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Investment

Apprehension about a US attack on Iraq seemed to dictate the direction of trading and left global markets immersed in a sea of uncertainty last week with most ending lower.

Thin trading was experienced throughout a volatile week in the US. The Dow enjoyed two positive days early on but ended with three successive down sessions following the anniversary of September 11, losing 1.4 per cent over the week. Honeywell led losses on the Dow on Friday with a near 17 per cent fall after conceding that its third-quarter and full-year results would fall short of expectations. The Nasdaq gained 0.2 per cent, boosted by a better than expected earnings&#39 report from Adobe late on Thursday.

US economic news was mixed. The Fed&#39s beige book confirmed that US economic growth had slowed while September&#39s University of Michigan consumer sentiment index, though lower than August, still signalled continued resilience among consumers.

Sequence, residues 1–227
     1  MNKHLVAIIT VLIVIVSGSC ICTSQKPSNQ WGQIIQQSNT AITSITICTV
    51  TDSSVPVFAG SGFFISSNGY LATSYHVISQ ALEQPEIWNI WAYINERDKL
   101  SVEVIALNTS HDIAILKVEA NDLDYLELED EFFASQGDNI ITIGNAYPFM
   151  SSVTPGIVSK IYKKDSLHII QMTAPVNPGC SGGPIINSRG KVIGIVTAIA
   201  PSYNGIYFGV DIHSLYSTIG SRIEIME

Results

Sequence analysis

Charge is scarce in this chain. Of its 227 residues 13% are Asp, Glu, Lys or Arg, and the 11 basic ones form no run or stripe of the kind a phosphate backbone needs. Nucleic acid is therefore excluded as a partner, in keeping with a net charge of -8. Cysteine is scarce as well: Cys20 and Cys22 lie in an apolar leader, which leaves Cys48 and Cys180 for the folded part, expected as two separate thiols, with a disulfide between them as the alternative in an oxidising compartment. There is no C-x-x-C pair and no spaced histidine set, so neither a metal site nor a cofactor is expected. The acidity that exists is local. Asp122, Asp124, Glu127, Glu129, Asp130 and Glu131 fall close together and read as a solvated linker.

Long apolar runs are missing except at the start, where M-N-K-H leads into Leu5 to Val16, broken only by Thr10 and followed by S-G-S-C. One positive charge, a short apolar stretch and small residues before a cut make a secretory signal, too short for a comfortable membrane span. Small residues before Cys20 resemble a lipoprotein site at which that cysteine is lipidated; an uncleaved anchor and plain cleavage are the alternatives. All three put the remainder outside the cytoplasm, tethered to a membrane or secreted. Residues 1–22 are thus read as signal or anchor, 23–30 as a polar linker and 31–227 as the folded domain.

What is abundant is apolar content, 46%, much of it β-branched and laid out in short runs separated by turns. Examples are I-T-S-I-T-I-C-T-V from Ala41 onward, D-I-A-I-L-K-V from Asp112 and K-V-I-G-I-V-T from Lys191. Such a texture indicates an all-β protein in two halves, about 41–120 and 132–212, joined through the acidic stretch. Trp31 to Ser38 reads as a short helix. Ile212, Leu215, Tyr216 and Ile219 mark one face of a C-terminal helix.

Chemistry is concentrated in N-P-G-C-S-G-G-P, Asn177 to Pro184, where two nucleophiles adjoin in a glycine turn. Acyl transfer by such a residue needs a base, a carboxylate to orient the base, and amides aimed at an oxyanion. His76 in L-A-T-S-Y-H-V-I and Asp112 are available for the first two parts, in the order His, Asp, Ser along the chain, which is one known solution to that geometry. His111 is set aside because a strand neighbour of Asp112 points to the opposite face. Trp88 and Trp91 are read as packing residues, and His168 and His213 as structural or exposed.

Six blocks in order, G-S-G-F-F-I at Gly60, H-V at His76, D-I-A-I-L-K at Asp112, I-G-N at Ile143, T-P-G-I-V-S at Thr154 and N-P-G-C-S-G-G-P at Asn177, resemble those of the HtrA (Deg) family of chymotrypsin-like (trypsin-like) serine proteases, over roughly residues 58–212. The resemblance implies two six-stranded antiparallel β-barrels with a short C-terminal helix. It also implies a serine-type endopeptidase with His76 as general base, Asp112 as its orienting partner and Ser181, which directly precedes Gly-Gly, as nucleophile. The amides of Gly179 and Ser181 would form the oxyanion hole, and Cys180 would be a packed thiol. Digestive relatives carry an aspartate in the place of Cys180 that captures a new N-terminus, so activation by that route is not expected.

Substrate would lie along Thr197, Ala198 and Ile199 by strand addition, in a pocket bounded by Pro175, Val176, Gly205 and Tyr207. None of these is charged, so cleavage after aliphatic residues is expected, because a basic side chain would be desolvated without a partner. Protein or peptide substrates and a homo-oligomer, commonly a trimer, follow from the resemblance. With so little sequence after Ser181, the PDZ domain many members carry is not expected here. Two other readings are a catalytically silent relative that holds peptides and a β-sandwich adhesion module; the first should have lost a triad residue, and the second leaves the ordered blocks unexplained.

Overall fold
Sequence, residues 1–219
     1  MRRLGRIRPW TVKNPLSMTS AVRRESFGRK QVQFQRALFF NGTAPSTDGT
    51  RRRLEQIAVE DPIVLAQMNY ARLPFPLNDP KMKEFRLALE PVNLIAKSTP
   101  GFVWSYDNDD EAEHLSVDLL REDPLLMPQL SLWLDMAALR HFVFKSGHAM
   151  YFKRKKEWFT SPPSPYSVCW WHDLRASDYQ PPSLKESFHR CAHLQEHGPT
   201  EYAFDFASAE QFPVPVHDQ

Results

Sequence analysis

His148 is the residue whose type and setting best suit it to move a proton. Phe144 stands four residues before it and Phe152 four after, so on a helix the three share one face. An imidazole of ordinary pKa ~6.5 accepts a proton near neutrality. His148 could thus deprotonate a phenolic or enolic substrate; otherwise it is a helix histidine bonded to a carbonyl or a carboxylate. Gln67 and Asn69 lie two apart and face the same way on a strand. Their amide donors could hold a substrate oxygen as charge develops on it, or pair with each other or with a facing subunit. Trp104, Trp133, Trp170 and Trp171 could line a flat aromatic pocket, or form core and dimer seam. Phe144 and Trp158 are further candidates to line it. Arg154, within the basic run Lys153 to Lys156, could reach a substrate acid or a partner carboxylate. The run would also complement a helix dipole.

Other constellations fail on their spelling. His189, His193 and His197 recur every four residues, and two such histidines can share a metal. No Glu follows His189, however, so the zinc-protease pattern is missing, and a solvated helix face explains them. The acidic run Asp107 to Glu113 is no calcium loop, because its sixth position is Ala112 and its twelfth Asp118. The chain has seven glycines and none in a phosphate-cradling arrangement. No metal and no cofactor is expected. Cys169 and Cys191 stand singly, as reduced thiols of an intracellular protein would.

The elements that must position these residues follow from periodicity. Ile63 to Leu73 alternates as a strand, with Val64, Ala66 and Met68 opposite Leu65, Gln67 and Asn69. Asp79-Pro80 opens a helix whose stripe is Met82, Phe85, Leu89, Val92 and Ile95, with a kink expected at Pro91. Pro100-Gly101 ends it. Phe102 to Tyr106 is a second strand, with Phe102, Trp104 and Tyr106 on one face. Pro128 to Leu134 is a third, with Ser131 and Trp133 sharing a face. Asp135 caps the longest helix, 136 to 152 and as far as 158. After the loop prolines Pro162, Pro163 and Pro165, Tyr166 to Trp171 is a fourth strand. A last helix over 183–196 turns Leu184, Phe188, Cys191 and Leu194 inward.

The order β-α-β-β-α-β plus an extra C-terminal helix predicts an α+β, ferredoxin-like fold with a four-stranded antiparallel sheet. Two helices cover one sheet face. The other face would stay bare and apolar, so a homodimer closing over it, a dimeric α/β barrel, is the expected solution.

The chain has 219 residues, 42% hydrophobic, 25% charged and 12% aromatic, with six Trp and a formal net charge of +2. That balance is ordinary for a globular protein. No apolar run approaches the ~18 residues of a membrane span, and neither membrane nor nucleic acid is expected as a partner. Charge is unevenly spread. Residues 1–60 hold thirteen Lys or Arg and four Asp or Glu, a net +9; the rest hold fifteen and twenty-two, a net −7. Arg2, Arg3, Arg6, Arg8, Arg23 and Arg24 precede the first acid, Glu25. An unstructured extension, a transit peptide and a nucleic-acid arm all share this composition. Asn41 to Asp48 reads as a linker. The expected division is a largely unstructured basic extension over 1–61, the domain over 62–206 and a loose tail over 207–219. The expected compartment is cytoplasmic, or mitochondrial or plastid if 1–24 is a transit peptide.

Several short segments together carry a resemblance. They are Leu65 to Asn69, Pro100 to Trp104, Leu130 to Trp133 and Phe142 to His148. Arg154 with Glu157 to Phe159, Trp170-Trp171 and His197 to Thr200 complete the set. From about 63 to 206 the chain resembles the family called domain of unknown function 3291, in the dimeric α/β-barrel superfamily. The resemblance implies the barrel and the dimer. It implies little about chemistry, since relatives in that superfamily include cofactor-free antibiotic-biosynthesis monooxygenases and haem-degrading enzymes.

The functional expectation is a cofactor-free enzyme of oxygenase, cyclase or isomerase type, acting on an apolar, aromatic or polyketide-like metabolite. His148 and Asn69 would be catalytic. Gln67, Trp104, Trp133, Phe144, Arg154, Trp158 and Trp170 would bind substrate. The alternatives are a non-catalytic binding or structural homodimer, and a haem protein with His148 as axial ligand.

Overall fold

European bourses were dragged lower by insurance & telecom stocks. The benchmark FTSE Eurotop lost 2.5 per cent while Germany&#39s Dax and France&#39s CAC40 fell by 3.6 and 2.8per cent respectively.

MobilCom, the German mobile operator lost more than 50per cent on Wednesday after reports that part-owner France Telecom was about to sell its stake. The insurers saw losses of up to 10 per cent on Friday following news that Allianz, Europe&#39s biggest insurer, had to pump $750m into a US subsidiary to cover asbestos-related claims.

In the UK, the quarterly indices review saw EMI, International Power and British Airways leave the FTSE 100 which broke a five-day losing streak on Tuesday but followed the US market down as the week wore on to finish 2.4 per cent lower.

UK economic data included labour market figures which were better than expected as unemployment fell by 6,400 and average earnings data which was higher than expected at 4 per cent year on year.

In Japan, the Nikkei 225 recovered from a 19-year low to end the week 1.2 per cent higher. On Monday stocks, particularly the banks, reacted well to pledges from the government of an anti-deflation package to stimulate the economy.

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